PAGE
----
Barcelona rally in support of Spanish unity

Hundreds of thousands of supporters of a unified Spain filled Barcelona's streets yesterday in one of the biggest shows of force yet by the so-called silent majority.

Hundreds of thousands of supporters of a unified Spain filled Barcelona’s streets yesterday in one of the biggest shows of force yet by the so-called silent majority that has watched as regional political leaders push for Catalan independence.

Political parties opposing a split by Catalonia from Spain had a small lead in an opinion poll published yesterday, the first since Madrid called a regional election to try to resolve the country’s worst political crisis in four decades.

Polls and recent elections have shown that about half the electorate in the wealthy northeastern region, which is already autonomous, oppose secession from Spain, but a vocal independence movement has brought the current crisis to a head.

On Friday, Spain’s central government called an election for December 21 after sacking Catalonia’s President Carles Puigdemont, dissolving its parliament and dismissing its government. That followed the assembly’s unilateral declaration of independence in a vote boycotted by three national parties.

The regional government claimed it had a mandate to push ahead with independence following an unofficial referendum on October 1 which was ruled illegal under Spanish law and mostly boycotted by unionists.

Waving thousands of Spanish flags and singing “Viva Espana,” protesters yesterday turned out in the largest display of support for a united Spain since the beginning of the crisis — underlining the depth of division in Catalonia itself.

“I’m here to defend Spanish unity and the law,” said Alfonso Machado, 55, a salesman standing with a little girl with Spanish flags in her hair.

“Knowing that in the end there won’t be independence, I feel sorry for all the people tricked into thinking there could be and the divisions they’ve driven through Catalan society.”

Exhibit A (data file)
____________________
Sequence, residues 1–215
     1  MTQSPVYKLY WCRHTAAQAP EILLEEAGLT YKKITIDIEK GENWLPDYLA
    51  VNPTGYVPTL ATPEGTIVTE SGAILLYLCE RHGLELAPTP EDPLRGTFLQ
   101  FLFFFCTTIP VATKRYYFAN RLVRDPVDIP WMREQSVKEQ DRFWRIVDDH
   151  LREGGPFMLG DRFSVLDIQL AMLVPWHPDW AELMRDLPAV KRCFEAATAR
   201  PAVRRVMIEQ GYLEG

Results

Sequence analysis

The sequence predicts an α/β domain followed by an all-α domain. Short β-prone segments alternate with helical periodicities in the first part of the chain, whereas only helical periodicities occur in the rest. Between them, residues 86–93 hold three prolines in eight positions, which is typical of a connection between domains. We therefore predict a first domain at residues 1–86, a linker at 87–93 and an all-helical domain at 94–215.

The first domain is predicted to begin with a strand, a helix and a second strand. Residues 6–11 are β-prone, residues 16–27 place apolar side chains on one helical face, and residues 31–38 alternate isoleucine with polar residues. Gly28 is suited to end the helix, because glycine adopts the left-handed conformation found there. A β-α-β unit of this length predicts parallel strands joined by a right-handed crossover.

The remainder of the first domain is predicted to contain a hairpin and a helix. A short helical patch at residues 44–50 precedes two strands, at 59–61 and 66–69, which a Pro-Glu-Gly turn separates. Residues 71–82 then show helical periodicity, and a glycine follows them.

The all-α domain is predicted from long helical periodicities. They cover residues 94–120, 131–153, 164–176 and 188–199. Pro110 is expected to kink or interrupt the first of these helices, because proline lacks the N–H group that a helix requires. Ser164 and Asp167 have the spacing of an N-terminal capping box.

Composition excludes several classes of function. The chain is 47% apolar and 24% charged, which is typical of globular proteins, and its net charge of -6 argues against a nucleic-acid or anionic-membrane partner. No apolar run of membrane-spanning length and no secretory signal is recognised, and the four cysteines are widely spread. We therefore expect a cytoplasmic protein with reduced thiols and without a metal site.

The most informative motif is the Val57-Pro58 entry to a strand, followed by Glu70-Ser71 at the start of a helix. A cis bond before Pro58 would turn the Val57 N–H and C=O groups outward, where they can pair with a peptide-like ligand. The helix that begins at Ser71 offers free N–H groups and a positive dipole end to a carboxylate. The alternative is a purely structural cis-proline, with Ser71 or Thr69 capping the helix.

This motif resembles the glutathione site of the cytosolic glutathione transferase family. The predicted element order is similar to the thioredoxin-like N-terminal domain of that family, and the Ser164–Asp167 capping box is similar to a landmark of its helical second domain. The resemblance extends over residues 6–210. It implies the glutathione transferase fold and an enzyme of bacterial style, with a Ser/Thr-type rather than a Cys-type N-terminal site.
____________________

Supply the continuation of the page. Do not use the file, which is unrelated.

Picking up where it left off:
The poll for newspaper El Mundo, which opposes independence, showed anti-independence parties winning 43.4 percent support and pro-independence parties 42.5 percent.

The survey was taken from last Monday to Thursday, just as the central government prepared to take control of Catalonia.

In a speech at yesterday’s unity rally, former European Parliament President Josep Borrell called for voters to turn out en masse in December to ensure independence supporters lose their stranglehold on the regional parliament.

“Maybe we’re here because many of us during elections didn’t go and vote. Now we have a golden opportunity. This time, nobody should stay at home,” Borrell said to cheering crowds.

Puigdemont, speaking from the Catalan nationalist stronghold of Girona on Saturday, called for peaceful opposition to Madrid’s takeover. But he was vague on precisely what steps the secessionists would take as Spanish authorities move into Barcelona to enforce control.

European countries, the United States and Mexico have also rejected the Catalan declaration of independence and expressed support for Spain’s unity.

But emotions are running high and the next few days will be tricky for Madrid as it embarks on enforcing direct rule and putting officials in administrative roles. National police were accused of heavy-handedness during the October 1 referendum.

The main secessionist group, the Catalan National Assembly, has urged civil servants not to follow orders from the central government and to mount “peaceful resistance,” while the pro-independence trade union CSC has called a strike.

Since the return of democracy in the late 1970s, Spain has suffered several traumatic episodes, including an attempted military coup in 1981, a violent Basque separatist conflict, and more recently an economic crisis.

The Catalan issue is however the biggest challenge to the territorial integrity of what is now a progressive European Union nation.

The chaos has also prompted an exodus of businesses from Catalonia, which contributes about a fifth of Spain’s economy, the fourth-largest in the eurozone. 

Tourism in hugely popular Barcelona has been hit and markets have darted up and down on the fast moving developments.

European leaders have also denounced the push, fearing it could fan separatist sentiment around the continent.

Special Reports